Cuttino's Georgian Life

A journal of my Peace Corps service in the Republic of Georgia, 2006-2008.

Monday, September 18, 2006

Birthdays and Marshutkas

Salam, everyone...

This weekend I traveled to Kutaisi (pronounced Koo-tai-see), Georgia's second-largest city and home to a number of Peace Corps Volunteers. We gathered to celebrate the September birthdays, four in all. On Friday after work, my boss took me to the highway, where we stood on the side of the road in the pouring rain waiting to flag down a bus that would take me. Fortunately since Gori is on the main highway between Tbilisi and Kutaisi, the buses pass about every fifteen minutes. Still, it was long enough to get completely soaked.

As I arrived in Kutaisi, the clouds magically cleared and the rain stopped. Eighteen other volunteers had travelled to Kutaisi and we were joined by the five living in town. After gathering near the bus station, we hiked up to a guesthouse on a hill high above the city. Not far from where we were staying are the ruins of the 11th century Bagrati Cathedral. Here's a picture I took:

Bagrati is still a functioning church, there were several icons and an altar inside. The girls had to cover their heads with scarves (a common practice in Orthodox churches) and the gate keeper followed us around suspiciously. We arrived just in time for a beautiful sunset:

After our visit to the cathedral, we returned to the guesthouse for a birtday supra. Giorgi, our host brought out the wine and the food; according to Georgian custom, each birthday guest gets a toast and they drink from "the horn"--a hollowed out ram's horn filled with wine. To drink from the horn, one must lock arms with another, "balumde" (drink to the end), and kiss three times on the cheeks. This can be a dangerous prospect at Georgian supras because the more you drink from the horn, the more affectionate the kisses become. Dancing followed the toasting and everything was going quite well until Giorgi brought in the largest rabbit I've ever seen. No one is really sure why this happened, but I thought that we were all about to witness the sacrificial slaughter of this rabbit.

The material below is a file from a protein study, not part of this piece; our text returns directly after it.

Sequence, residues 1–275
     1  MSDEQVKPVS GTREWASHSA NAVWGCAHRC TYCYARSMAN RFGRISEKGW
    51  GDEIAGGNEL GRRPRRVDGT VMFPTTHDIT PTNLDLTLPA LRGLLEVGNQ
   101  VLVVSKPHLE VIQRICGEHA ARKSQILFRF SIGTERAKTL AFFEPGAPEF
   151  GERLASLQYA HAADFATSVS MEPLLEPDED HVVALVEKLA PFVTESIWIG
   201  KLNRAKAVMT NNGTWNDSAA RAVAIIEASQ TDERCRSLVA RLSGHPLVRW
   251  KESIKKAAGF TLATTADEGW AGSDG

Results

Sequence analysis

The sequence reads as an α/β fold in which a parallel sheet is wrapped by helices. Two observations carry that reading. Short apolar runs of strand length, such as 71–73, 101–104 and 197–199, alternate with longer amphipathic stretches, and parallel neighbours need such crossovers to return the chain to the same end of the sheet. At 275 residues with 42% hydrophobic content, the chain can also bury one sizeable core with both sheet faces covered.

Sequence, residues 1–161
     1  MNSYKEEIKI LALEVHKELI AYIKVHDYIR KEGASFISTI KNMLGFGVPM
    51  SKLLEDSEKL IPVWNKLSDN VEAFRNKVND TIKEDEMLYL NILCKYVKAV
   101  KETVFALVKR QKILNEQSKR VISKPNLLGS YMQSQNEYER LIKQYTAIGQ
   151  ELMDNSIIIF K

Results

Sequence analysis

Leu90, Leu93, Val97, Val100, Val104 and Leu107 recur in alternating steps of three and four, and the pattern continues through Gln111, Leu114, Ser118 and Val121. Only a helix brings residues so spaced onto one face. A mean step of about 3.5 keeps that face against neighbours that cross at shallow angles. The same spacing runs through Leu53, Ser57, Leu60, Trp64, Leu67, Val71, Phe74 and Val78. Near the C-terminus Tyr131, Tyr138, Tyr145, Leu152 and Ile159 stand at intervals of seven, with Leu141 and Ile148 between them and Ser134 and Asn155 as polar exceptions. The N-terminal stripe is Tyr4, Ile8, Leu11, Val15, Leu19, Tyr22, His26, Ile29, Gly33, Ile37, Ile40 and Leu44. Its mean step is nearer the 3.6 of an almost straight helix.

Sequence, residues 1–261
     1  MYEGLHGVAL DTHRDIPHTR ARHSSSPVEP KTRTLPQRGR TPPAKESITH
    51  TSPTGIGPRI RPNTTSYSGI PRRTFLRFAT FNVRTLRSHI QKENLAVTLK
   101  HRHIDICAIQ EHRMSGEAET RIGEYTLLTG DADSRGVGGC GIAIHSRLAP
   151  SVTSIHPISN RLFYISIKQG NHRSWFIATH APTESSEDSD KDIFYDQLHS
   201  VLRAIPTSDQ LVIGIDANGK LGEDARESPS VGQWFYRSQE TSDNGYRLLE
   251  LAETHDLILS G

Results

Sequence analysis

The rabbit was spared (for now at least) and the dancing continued well into the night. It was raining the next day, but we ventured out into town. The prospects of sightseeing were not exactly great and after being soaked and harrassed by gypsies, most of us headed back to the guesthouse. That evening, we threw another supra at a restaurant to avoid a visit from one of Giorgi's rabbits.

On Sunday, I travelled home to Gori. I took a "marshutka," or a minibus. Marshutkas are the main way to get around in Georgia. They seat about fifteen people but usually carry around twenty. For marshutka drivers, speed limits and traffic laws are more of a suggestion rather than a rule. Seated in a packed marshutka beside a chain-smoker and an old bebia, travelling at the speed of sound through the mountains, I suddenly felt car sick.

I've heard that under great stress, people are capable of the impossible and I now belive that to be true...I was suddenly able to scream fluent Georgian: "Stop this car now or I will throw up!" The marshutka came to a screaching halt and I ran off into the ditch. When I returned, I suddenly found everyone in the marshutka waiting to help me. I turned to everyone and said, "Bad food" (unfortunately my Georgian had returned to its original intermediate-low level). They all nodded in agreement. The women in the marshutka kept checking on me all the way to Gori. Sometimes living in a communal society isn't a bad thing.

That's all the news here, I've posted more pictures from Kutaisi and the supra on Flickr. Take care!


  • At 12:38 PM, Blogger Stacy said…

    This reminds me of another incident involving you and carsickness outside of the U.S. What I'm thinking of included a sheep though.


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